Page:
1. Right-click on shortcut > Select Properties
    2. Shortcut tab > Advanced > Advanced Properties > Select Run as administrator
      (The app will always start as Admin from now on)

Additional options to run an app as Administrator

  • that is the problem.CTRL+SHIFT+ENTER does not work at all from Run.that is the perfect way i perfer,cause pther way rely on mouse move to some special place,which means not "fluent" for me.same happend so when i choose start menu(it needs some time to load) – deuterium Jun 12 '20 at 12:44
  • i tried the second way,srom bad to worse,when i use start menu,system tells me he "has no access to the file" (not very sure,i'm not using a english system).luckily it is fixed after reinstall. – deuterium Jun 12 '20 at 12:47
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    Regarding the link, the issue is wt doesn't work like other programs and appears to not have a way baked in to launch it as Admin outside of context menus. To determine for sure, it's GitHub page, man page, and issues page would need to be referenced, as Trying to launch wt as Admin through normal means doesn't work. (please also use the correct markdown for weblinks =] ) – JW0914 Jun 13 '20 at 1:39
  • yes,i'm using win 10 1909,you need not to assum if you noticed the tag "windows-10". – deuterium Jun 14 '20 at 8:56
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    @deuterium I would recommend opening an issue on Windows Terminal's GitHub page, as there should be a single command that allows wt to open an Admin shell via cli, and wt doesn't offer anything beyond new-tab, split-pane, and focus-tab (the markdown request was for user23803838) – JW0914 Jun 14 '20 at 11:36

You can create a shortcut to always run Windows Terminal as administrator using this powershell script:

$WshShell = New-Object -comObject WScript.Shell
$Shortcut = $WshShell.CreateShortcut("$Home\Desktop\Windows Terminal.lnk")
$Shortcut.TargetPath = "$env:LOCALAPPDATA\Microsoft\WindowsApps\Microsoft.WindowsTerminal_8wekyb3d8bbwe\wt.exe"

$bytes = [System.IO.File]::ReadAllBytes("$Home\Desktop\Windows Terminal.lnk")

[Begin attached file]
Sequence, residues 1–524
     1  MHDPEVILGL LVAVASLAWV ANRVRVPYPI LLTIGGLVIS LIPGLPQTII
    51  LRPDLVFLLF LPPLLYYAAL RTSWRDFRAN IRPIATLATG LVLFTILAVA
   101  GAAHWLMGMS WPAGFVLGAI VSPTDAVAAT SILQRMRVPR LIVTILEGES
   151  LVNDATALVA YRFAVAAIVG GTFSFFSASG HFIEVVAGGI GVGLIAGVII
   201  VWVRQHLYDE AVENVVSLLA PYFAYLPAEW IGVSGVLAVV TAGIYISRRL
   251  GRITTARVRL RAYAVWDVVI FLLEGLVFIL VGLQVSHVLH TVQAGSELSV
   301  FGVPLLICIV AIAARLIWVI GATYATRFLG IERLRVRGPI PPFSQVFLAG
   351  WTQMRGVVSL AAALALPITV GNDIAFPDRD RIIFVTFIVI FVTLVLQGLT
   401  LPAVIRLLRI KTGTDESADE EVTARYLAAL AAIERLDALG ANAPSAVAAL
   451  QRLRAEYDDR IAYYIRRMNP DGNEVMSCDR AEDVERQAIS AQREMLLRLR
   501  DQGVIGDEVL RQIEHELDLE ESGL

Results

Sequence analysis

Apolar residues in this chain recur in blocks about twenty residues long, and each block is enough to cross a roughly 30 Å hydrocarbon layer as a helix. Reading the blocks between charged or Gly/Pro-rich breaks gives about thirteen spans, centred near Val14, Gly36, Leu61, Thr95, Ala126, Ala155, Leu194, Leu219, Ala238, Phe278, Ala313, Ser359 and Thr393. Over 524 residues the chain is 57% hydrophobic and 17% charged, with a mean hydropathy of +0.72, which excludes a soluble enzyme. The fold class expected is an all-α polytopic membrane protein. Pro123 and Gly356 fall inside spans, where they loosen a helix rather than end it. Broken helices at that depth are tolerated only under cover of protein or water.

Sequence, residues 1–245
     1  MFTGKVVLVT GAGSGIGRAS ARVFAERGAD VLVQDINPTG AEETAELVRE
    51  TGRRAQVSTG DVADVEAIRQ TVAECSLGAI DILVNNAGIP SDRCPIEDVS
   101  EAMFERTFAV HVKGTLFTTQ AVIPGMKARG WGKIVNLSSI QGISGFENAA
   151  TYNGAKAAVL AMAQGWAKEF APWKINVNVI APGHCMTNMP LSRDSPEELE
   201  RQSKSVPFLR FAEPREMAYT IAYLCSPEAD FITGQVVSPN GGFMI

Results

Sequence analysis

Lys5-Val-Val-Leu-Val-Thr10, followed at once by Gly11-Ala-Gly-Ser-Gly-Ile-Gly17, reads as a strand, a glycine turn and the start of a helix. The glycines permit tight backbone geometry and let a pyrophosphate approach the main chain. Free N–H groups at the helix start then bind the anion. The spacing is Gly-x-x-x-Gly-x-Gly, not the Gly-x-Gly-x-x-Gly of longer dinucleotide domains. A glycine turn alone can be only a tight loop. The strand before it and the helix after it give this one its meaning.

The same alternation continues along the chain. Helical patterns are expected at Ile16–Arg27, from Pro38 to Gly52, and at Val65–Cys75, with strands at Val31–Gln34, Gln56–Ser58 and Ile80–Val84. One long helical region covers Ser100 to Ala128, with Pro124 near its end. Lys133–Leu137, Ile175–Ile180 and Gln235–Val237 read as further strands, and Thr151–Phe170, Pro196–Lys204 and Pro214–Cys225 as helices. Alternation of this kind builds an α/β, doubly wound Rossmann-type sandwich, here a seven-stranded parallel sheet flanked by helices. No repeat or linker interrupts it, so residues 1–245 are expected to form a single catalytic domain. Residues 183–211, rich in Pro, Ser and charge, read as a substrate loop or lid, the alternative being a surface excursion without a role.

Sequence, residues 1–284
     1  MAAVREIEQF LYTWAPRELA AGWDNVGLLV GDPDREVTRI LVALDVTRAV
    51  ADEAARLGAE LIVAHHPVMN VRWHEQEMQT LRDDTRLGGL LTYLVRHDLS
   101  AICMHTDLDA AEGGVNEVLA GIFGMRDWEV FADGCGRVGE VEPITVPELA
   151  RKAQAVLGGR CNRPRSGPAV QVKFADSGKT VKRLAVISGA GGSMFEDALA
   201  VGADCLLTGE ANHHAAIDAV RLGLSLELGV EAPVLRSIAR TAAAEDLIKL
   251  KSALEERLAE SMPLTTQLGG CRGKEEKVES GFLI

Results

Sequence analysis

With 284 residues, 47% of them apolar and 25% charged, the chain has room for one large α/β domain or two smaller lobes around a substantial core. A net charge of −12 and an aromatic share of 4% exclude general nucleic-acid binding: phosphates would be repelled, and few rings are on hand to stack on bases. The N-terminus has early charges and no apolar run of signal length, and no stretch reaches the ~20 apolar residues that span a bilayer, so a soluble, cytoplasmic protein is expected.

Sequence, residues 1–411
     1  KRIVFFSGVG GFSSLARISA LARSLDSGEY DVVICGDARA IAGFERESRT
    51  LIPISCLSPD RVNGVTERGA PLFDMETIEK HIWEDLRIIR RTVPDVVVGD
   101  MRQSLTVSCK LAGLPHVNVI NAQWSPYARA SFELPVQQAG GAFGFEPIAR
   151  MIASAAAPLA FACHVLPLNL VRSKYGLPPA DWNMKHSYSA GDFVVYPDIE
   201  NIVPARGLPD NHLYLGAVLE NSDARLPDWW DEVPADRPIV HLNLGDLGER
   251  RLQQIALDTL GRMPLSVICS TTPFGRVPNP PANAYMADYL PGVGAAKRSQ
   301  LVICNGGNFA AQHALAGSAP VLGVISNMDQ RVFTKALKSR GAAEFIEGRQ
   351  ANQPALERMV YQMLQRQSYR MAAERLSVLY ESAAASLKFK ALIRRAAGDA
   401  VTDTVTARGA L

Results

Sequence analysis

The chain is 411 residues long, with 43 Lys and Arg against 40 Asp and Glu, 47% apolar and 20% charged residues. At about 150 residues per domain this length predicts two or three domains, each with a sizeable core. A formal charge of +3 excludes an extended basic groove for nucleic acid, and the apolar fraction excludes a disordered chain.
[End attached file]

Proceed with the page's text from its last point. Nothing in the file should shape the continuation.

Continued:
$bytes[0x15] = $bytes[0x15] -bor 0x20 #set byte 21 (0x15) bit 6 (0x20) ON
[System.IO.File]::WriteAllBytes("$Home\Desktop\Windows Terminal.lnk", $bytes)

It basically creates a Windows Terminal.lnk file on your desktop, when you run it runs Windows Terminal as an administrator.

  • 1
    This is pure gold! Now if only you could tell me how to pin the created shortcut to my taskbar, and have it so that clicking on that tile doesn't create another ungrouped tile after all others...well then you, sir, would become my god! LOL :P – Kenny83 Jan 4 at 11:02

I know this is not directly related to the question, but I consider this a big improvement for people like me which needs to always run as an Administrator (please do not do it just for the sake of it, higher permissions can represent a security risk).

I always need to run PowerShell as Administrator and I only want to use Windows Terminal, which given it's restrictions cannot be configured to run always as Administrator.

I hated the need to use shortcuts and other hacks I found being suggested online, so I think I found a better solution but you have to pay the cost of a 1/2 seconds at startup.

  1. Locate your user profile (A profile is a Windows PowerShell ISE script that runs automatically when you start a new session) using _ $PROFILE
  2. Edit profile with any preferred editor _ code $PROFILE
  3. Adde the following code to the profile file and save it
if (-NOT ([Security.Principal.WindowsPrincipal] [Security.Principal.WindowsIdentity]::GetCurrent()).IsInRole([Security.Principal.WindowsBuiltInRole] "Administrator")) {
    Start-Process -Verb RunAs wt
} else {
    $Processes = Get-Process | Where-Object {$_.mainWindowTitle -eq 'Bootstrapper' -and $_.name -eq 'WindowsTerminal'}
    if($Processes.count -gt 0)
        Stop-Process -Id $Processes[0].id

What the script do? You can pin Windows Terminal icon to your application bar and when you click there WT will start as non elevated user, but the profile will understand if this is the case. When you are not running as Administrator it will change the name of the window and start a new WT as administrator. The new instance will also execute the profile file and if the instance is running as Administrator, it will look for the WT named Bootstrapper and kill it. This process takes between one and two seconds, I prefer this way other than right clicking on the icon.